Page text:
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The burden of parasitic zoonoses in Nepal: a systematic review

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Show simple item record Devleesschauwer, B. en_US Ale, A. en_US Torgerson, P. en_US Praet, N. en_US Maertens de Noordhout, C. en_US Pandey, B. D. en_US Pun, S. B. en_US Lake, R. en_US Vercruysse, J. en_US Joshi, D. D. en_US Havelaar, A. H. en_US Duchateau, L. en_US Dorny, P. en_US Speybroeck, N. en_US 2014-09-25T13:39:45Z 2014-09-25T13:39:45Z 2014 en_US
dc.identifier.issn 1935-2727 en_US
dc.identifier.doi en_US
dc.identifier.other ITG-B4A; ITG-B13A; DBM; U-VHELM; JIF; DOI; FTA; E-only; OAJ; Abstract; UPD56 en_US
dc.description.abstract BACKGROUND: Parasitic zoonoses (PZs) pose a significant but often neglected threat to public health, especially in developing countries. In order to obtain a better understanding of their health impact, summary measures of population health may be calculated, such as the Disability-Adjusted Life Year (DALY). However, the data required to calculate such measures are often not readily available for these diseases, which may lead to a vicious circle of under-recognition and under-funding. METHODOLOGY: We examined the burden of PZs in Nepal through a systematic review of online and offline data sources. PZs were classified qualitatively according to endemicity, and where possible a quantitative burden assessment was conducted in terms of the annual number of incident cases, deaths and DALYs. PRINCIPAL FINDINGS: Between 2000 and 2012, the highest annual burden was imposed by neurocysticercosis and congenital toxoplasmosis (14,268 DALYs [95% Credibility Interval (CrI): 5450-27,694] and 9255 DALYs [95% CrI: 6135-13,292], respectively), followed by cystic echinococcosis (251 DALYs [95% CrI: 105-458]). Nepal is probably endemic for trichinellosis, toxocarosis, diphyllobothriosis, foodborne trematodosis, taeniosis, and zoonotic intestinal helminthic and protozoal infections, but insufficient data were available to quantify their health impact. Sporadic cases of alveolar echinococcosis, angiostrongylosis, capillariosis, dirofilariosis, gnathostomosis, sparganosis and cutaneous leishmaniosis may occur. CONCLUSIONS/SIGNIFICANCE: In settings with limited surveillance capacity, it is possible to quantify the health impact of PZs and other neglected diseases, thereby interrupting the vicious circle of neglect. In Nepal, we found that several PZs are endemic and are imposing a significant burden to public health, higher than that of malaria, and comparable to that of HIV/AIDS. However, several critical data gaps remain. Enhanced surveillance for the endemic PZs identified in this study would enable additional burden estimates, and a more complete picture of the impact of these diseases. en_US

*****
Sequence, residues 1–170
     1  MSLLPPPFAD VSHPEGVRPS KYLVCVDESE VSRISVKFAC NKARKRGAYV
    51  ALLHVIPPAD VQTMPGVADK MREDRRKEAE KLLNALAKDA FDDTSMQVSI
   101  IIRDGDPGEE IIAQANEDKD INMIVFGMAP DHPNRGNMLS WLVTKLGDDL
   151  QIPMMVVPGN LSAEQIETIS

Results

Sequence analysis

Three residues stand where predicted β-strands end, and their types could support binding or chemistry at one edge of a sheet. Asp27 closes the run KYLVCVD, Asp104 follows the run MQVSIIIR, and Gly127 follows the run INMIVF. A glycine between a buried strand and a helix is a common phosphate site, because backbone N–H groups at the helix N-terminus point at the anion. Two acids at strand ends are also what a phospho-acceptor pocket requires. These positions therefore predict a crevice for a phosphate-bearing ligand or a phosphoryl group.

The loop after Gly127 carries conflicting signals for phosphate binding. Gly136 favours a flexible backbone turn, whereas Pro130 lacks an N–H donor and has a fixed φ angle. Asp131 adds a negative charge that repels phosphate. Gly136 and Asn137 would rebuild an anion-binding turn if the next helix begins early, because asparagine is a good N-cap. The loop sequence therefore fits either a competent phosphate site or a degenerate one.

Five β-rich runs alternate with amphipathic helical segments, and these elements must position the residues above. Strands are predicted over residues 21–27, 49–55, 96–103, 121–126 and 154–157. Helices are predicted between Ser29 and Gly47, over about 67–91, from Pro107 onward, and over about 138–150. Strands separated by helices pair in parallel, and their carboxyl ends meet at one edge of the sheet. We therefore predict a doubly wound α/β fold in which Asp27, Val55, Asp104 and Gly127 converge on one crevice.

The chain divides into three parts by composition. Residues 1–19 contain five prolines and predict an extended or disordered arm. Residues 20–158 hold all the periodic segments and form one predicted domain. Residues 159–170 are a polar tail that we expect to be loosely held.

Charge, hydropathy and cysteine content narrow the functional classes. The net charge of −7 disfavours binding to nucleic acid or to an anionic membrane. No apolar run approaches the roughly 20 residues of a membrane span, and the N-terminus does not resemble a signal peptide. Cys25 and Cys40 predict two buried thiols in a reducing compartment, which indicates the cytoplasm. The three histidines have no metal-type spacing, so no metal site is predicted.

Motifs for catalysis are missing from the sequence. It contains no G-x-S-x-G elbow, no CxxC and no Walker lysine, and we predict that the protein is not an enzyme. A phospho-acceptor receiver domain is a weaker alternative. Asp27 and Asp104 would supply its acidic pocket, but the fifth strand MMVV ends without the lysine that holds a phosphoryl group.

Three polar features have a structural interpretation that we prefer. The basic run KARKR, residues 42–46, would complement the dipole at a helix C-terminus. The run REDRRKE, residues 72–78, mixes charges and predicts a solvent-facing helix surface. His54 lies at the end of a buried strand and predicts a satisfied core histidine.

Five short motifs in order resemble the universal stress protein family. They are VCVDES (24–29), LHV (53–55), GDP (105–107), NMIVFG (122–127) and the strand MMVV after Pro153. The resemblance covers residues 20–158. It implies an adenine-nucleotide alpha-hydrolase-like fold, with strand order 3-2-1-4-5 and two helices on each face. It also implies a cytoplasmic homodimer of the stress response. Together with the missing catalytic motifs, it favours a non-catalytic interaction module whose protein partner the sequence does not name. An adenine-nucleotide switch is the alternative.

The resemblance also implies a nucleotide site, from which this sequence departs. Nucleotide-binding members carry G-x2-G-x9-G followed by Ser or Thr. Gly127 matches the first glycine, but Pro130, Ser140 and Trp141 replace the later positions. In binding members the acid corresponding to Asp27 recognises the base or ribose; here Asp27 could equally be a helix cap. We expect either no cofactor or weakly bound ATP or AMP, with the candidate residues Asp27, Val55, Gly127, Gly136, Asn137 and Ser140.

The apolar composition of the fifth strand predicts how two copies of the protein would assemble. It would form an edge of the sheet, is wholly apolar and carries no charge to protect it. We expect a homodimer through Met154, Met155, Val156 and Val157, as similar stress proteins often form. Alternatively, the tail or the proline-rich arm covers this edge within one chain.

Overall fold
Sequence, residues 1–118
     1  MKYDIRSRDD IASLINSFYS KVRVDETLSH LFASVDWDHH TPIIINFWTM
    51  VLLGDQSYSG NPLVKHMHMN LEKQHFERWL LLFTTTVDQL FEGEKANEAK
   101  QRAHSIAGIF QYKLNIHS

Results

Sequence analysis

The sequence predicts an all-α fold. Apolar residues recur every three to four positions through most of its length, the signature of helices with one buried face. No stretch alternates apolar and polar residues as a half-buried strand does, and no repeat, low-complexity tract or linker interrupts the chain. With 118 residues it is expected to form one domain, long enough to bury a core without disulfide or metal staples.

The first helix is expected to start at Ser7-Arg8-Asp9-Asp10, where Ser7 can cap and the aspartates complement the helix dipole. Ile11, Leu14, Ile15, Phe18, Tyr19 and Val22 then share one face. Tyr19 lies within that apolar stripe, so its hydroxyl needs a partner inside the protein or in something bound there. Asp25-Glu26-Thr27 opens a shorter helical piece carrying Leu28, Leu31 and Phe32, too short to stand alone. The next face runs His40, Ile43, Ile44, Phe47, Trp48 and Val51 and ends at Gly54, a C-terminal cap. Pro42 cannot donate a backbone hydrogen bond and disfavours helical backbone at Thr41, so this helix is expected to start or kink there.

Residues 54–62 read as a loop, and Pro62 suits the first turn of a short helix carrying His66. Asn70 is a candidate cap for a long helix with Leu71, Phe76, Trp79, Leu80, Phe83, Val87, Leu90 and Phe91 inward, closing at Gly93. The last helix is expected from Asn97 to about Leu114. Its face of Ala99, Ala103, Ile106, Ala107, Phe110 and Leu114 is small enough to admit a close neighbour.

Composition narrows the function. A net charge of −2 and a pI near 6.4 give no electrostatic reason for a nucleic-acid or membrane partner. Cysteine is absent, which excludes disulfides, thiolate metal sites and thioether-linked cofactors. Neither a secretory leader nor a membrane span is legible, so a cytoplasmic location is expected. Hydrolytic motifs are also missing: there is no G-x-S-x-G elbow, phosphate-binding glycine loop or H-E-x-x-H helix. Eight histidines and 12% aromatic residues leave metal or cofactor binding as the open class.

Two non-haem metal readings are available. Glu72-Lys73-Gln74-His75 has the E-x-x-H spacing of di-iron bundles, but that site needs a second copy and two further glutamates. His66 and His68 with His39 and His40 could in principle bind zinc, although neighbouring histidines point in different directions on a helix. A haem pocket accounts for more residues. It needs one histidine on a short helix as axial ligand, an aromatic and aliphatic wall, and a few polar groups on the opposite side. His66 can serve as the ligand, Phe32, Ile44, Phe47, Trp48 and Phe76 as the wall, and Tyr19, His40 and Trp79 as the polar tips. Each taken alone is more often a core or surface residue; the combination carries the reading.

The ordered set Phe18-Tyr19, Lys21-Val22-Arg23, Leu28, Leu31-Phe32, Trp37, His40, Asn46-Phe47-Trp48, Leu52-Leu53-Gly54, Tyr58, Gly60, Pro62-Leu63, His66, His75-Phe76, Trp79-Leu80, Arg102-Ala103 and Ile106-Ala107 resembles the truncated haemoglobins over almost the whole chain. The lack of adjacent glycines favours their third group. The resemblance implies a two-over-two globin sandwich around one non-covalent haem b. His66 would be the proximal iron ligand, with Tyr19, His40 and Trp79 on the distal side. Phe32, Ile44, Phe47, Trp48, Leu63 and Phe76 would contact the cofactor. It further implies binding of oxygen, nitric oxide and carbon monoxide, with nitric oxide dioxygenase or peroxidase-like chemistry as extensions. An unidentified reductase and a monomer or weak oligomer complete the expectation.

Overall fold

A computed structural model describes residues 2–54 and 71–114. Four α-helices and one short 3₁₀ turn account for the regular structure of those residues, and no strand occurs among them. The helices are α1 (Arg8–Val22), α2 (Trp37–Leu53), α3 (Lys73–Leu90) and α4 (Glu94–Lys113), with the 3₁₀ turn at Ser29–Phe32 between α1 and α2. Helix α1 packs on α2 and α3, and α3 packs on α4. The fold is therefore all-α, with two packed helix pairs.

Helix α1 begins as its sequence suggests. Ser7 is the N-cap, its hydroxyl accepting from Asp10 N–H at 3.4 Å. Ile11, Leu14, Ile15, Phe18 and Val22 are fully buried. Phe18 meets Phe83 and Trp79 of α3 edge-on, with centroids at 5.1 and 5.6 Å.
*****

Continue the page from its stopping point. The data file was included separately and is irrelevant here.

dc.language English en_US
dc.subject Parasitic diseases en_US
dc.subject Zoonoses en_US
dc.subject Disease burden en_US
dc.subject Assessment en_US
dc.subject Health impact en_US
dc.subject Endemicity en_US
dc.subject DALYs en_US
dc.subject Morbidity en_US
dc.subject Mortality en_US
dc.subject Systematic review en_US
dc.subject Review of the literature en_US
dc.subject Nepal en_US
dc.subject Asia, South en_US
dc.title The burden of parasitic zoonoses in Nepal: a systematic review en_US
dc.type Article-E en_US
dc.citation.issue 1 en_US
dc.citation.jtitle PLoS Neglected Tropical Diseases en_US
dc.citation.volume 8 en_US
dc.citation.pages e2634 en_US
dc.identifier.pmid en_US
dc.citation.jabbreviation PLoS Negl Trop Dis en_US

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